Thursday, August 25, 2016

My Log 526 August 26 2016: More problems with post-Olympic dreams: could Bolt win the 100 while stitching some garment or other?

Those three weeks I have recently passed in watching --- obsessively, I must admit --- the Olympics, appear to have taken some kind of toll of me. Having just awakened from a three and a half hour after-lunch nap --- imagine that, three and a half hours instead of the usual half hour! --- I realize  that must tell some sort of tale, must mean I have been drained of energy, as a result of watching all those dives, those tiny Chinese figures with their perfect accomplishments from the 10 metre board;  with being bewildered by the astonishing speed of eye and reflex of the  table tennis players, again, mostly Chinese; marvelling in the incredible speed of the badminton games, that I had always thought of as being a kind of gentle patting back and forth, but that seem to have developed a speed of movement of players and shuttle almost so fast as to betray the eye.
And then, of course the big one, the athletics or track and field as it is known in this part of the world. Well, it is hardly surprising, as readers of my previous blog will understand, recording my victory as the first 88-year-old to have won the Olympic 800 metres race, hardly surprising that I have been sightly exhausted since that event. Not to mention the strain put upon me by various other events, with their titanic struggles and towering achievements, such as immense power of tiny little Almaz Ayana, of Ethiopia, as she spreadeagled the 10,000 metre field, beating them all by 150 metres, or the thrilling victory in the marathon by the Kenyan Eliud Kipchoge, or the wonderful race-strategies of Mo Farah, the Somalia-born Englishman who won the 5000 and 10,000 metres races running away.
Added to all of this comes my dream of two nights ago about the
semi-finals of the men’s 100 metres. These races seem to have been won respectively by Andre de Grasse and Usain Bolt, in equal times, but with other factors clouding the likely outcome of the final. For one thing, I seem to have  qualified myself in Bolt’s semi-final, and was going on to contest the final, the prospect for which was clouded by all the Canadian hype about the unlikely possibility of the race being won by de Grasse.
Yet the cause for my anxiety about the final was this other factor: namely that during the race some stitching was mandatory, that probably Bolt would have to handle not only his opponents but to do so while being required to stitch some garment of other en route.  This was demanding a hell of a lot even of such an ineffable champion as Bolt, and since my dream was interrupted at this point, I have been carrying anxiety about its outcome with me ever since.
Of course, we all know that Bolt won it in a canter in the real event, which, for some unexplained reason, took place without my participation. Had I pulled up with a torn hamstring? Had I simply been overcome by the prospect of facing the great Bolt? Had I decided to retire in an an act of supreme sportsmanship, so as not to interfere in any way with the accolades that must descend on Bolt after his victory? (Of these choices, I like the last-named best.)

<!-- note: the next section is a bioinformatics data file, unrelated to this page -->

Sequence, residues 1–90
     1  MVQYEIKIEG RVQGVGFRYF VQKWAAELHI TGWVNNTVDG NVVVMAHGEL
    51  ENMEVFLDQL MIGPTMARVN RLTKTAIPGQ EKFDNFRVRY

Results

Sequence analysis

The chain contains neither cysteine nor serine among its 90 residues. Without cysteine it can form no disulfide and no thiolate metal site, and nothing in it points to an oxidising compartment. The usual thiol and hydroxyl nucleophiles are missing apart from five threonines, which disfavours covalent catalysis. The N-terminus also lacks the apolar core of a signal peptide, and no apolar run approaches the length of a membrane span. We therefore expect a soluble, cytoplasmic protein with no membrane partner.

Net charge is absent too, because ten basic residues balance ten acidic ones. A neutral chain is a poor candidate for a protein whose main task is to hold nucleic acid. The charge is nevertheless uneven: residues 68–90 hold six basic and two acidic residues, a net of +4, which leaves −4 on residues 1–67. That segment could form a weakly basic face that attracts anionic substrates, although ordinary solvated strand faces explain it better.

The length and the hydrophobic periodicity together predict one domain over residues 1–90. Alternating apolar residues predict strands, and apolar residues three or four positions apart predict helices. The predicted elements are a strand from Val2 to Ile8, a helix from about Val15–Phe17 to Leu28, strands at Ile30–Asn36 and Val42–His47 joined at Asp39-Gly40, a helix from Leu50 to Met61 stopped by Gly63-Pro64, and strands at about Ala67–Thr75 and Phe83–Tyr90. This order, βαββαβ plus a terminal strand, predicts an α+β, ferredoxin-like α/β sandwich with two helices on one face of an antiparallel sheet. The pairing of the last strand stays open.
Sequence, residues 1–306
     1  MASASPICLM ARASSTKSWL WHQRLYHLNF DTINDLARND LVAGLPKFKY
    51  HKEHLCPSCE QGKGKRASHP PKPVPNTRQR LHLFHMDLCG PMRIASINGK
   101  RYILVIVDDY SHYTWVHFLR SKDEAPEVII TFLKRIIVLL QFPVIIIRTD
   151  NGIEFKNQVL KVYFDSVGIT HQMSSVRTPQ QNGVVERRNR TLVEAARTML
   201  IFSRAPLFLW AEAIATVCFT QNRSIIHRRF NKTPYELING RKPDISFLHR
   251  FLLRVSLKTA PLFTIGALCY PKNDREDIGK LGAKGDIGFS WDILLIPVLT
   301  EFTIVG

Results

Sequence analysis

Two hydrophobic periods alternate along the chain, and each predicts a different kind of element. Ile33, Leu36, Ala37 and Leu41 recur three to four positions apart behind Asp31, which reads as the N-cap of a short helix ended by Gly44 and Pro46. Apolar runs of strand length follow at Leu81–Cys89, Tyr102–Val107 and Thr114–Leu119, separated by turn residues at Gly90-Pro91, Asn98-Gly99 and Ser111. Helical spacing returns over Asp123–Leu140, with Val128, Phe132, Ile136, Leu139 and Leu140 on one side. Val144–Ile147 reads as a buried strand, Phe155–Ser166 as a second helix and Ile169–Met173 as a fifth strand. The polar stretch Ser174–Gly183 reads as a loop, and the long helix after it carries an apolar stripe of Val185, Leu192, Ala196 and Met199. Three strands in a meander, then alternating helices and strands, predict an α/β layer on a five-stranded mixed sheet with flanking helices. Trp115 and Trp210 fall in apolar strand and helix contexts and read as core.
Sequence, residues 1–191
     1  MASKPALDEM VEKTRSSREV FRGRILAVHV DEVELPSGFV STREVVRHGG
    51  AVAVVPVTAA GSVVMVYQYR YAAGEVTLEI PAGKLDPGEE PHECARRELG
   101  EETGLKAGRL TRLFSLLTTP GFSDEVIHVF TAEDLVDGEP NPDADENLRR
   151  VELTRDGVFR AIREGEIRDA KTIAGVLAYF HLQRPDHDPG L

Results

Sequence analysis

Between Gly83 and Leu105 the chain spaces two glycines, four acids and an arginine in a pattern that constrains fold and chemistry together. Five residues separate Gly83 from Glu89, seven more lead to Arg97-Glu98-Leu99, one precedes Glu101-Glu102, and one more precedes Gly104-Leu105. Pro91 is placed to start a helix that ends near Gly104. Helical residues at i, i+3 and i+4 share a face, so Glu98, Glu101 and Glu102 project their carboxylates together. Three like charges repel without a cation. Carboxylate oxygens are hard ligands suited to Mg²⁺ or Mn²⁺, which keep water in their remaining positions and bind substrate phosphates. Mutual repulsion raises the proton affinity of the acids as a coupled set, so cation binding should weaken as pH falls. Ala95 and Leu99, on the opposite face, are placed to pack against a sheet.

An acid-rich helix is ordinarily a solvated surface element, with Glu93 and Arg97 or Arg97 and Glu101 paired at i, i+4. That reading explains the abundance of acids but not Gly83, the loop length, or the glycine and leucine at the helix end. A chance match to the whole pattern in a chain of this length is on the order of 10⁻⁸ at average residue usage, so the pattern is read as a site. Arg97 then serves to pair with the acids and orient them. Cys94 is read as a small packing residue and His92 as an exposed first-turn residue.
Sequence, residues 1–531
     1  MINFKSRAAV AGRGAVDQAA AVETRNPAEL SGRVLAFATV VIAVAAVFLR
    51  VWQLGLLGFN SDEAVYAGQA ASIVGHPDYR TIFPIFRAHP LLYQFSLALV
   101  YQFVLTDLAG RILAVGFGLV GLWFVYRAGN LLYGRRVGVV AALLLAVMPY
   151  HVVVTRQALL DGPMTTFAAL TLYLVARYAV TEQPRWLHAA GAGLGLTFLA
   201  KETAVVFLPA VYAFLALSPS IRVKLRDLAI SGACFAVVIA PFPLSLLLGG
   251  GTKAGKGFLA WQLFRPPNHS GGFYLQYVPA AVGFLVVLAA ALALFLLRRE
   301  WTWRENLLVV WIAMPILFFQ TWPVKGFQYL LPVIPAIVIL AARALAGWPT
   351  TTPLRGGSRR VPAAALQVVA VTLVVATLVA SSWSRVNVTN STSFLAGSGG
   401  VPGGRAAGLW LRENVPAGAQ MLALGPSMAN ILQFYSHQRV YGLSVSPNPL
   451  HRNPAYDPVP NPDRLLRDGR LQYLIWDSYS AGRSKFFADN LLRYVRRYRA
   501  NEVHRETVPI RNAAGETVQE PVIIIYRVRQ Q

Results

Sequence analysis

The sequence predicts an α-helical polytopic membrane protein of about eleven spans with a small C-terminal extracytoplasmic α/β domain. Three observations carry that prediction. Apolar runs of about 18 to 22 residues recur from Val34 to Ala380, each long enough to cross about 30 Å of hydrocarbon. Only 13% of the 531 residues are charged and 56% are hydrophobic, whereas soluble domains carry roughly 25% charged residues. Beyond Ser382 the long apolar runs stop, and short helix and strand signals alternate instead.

Any of these things is possible but I am still anxious about the outcome of the final. I cannot claim to have won it, I realize that, but I am still living in a state of anxiety as to the possibility of Bolt’s losing, while pausing long enough to stitch this garment of my dreams.
I hope I am not going to be dreaming any more: especially about those Russian  rhythmic gymnastics women, Margarita Mamun, who scored 19 out of 20 possible points in all four rotations, and somehow slipped under the radar of international attention, and her equally beautiful fellow Yana Kudryavtseva, both of whom had --- and as an old man with long experience I have the credentials to judge this kind of thing --- the most glorious legs ever seen on earth. 
I already have enough problems from the Olympics without piling on any more.

Saturday, August 20, 2016

My Log 525 August 19 2016: I have a daydream about winning an Olympic medal, with disastrous results for the powers-that-be

I keep having this daydream: instead of quitting track and field when I was 19, I have continued in it, and have just won the 800 meters at the Olympics. Apart from the fact I am the first 88-year-old to have won the event, my victory has created a bit of a sensation. Because right after the win, Canadian supporters have pressed a Canadian flag on me, urging me to run it around the track in a victory lap.
Unfortunately, I have to tell them, “Sorry, I can’t carry that flag.  I don’t believe in flags.”
What happens next? Am I excoriated by the entire nation, does the whole stadium rise as one to denounce me? Am I even allowed to accept the medal?
Surely I must be granted an interview to explain my action.  Faced by Ron Maclean, gibbering away at double-fast speed, I cannot hear what he says, but I gather myself enough to say, “Hang on a bit there, Ron.
“I have never believed in symbols of nationalism, whether flags or anthems. I got off to an early start with these feelings, for as a teenager in New Zealand, where it was the custom for the national anthem to be played before the movies, I embarrassed my mother by refusing to stand for it.
“You know, Ron, I once testified before a Parliamentary committee. I think the subject was immigration.  The first thing I told them was that when I came to Canada in 1954, I discovered here were two things I particularly liked about this country: it didn’t have a flag or an anthem. Unfortunately, that has changed.”